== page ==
"The schoolgirl is the main driver of Japan's Gross National Cool, and Brian Ashcraft's book is the best source for those hoping to understand why." -Chris Baker, WIRED Magazine
Japanese schoolgirls are a symbol of girl empowerment. Japanese Schoolgirl Confidential shows why they are so intensely cool. Don't miss this essential book on the Japanese youth culture craze that is driving today's pop culture worldwide.
"Whether your preferred schoolgirl is more the upstanding heroine Sailor Moon or the vengeful, weapon-wielding Gogo Yubari of Quentin Tarantino's Kill Bill, Vol. 1, you'll come away well versed." -Publishers Weekly
"If I'd known!" groaned Winifred Cranston, otherwise Wendy, with a note of utter tragedy in her usually cheerful voice. "If I'd only known! D'you think I'd have come trotting back here with my baggage? Not a bit of it! Nothing in this wide world should have dragged me. I'd have turned up my hair-yes, it's quite long enough to turn up, Jess Paget, so you needn't look at it so scornfully; it's as nice as yours, and nicer! Well, I tell you I'd have turned up my hair, and run away and joined the 'Waacs' or the 'Wrens', or have driven a motor wagon or conducted a tramcar, or scrubbed floors at a hospital, or done anything-anything, I say!-rather than stay at the Abbey without Mrs. Gifford." "It's pretty stiff, certainly, for the Head to go whisking away like this," agreed Magsie Wingfield, sitting on the other shaft of the wheelbarrow. "And without any notice either! It leaves one gasping!" "Stiff? It's the limit! Why didn't she give us decent warning, instead of springing it on to us in this sudden fashion? I feel weak!" "There wasn't time," explained Sadie Sanderson, who, with Violet Gorton and Tattie Clegg, occupied, in a tight fit, the interior of the wheelbarrow. "It was all done at a day's notice. Geraldine's been telling me the whole history." "Well?" "Mr. Gifford got suddenly exempted, and was made Governor of some outlandish place with an unpronounceable name in Burma. He telegraphed to Mrs. Gifford to join him at Marseilles, and go out with him. So she went-that's the long and the short of it!" "Went and left her school behind her," echoed Vi.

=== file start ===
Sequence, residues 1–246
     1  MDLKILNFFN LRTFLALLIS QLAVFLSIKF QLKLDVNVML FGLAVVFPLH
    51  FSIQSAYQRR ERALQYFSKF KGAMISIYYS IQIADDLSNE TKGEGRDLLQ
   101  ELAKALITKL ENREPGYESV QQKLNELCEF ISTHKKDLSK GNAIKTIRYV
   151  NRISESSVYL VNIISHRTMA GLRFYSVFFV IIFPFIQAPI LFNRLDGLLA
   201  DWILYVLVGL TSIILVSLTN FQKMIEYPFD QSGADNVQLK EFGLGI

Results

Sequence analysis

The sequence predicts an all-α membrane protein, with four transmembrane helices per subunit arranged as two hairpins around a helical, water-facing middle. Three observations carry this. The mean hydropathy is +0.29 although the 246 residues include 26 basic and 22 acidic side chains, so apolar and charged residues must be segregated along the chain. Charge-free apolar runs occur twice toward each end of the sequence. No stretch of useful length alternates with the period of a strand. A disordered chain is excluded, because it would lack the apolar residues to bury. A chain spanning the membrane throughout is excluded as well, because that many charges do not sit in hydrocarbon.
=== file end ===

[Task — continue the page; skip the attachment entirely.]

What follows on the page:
The Diary of the Wimpy Kid series of books, by best-selling author Jeff Kinney, charts the highs and lows of our middle school hero, Greg, as he stumbles and fumbles from childhood to teenhood via school-hood. Sometimes helped by his friends and family, often not helped by himself!
Fashion and celebrity may be twenty-first century obsessions, but they were also key concepts in Regency culture. Both celebrated and condemned for their popularity, silver fork novels were extremely prolific during this period. These texts detailed the lives and loves of London fashionables and in doing so became a form of conduct book, offering guidelines for members of the socially aspirant middle class. Wilson looks at the social and literary impact of this significant genre and charts its role in the development of the novel as a form and its status in the literary marketplace.
I was born in Stuart, Virginia in the year nineteen twenty five. When I was six, my family moved to Pagetown, West Virginia, the heart of the coal mining industry in the state. During that time, segregation, overt racism, and extreme poverty were very much alive in America. As a person of color, particularly African American (referred to then as Colored or Negro), I went to a one-room school building with a pot belly stove in the middle of the room. I would never take off my jacket in the winter because I really never could get warm. It was tough times. But I still managed to concentrate and listen to the teacher, because I wanted so desperately to learn. I never allowed the circumstances to interfere with my desire to get my education. The books and supplies were limited, not in the best condition, but it did not matter to me. I read what I could and managed with what I was given.
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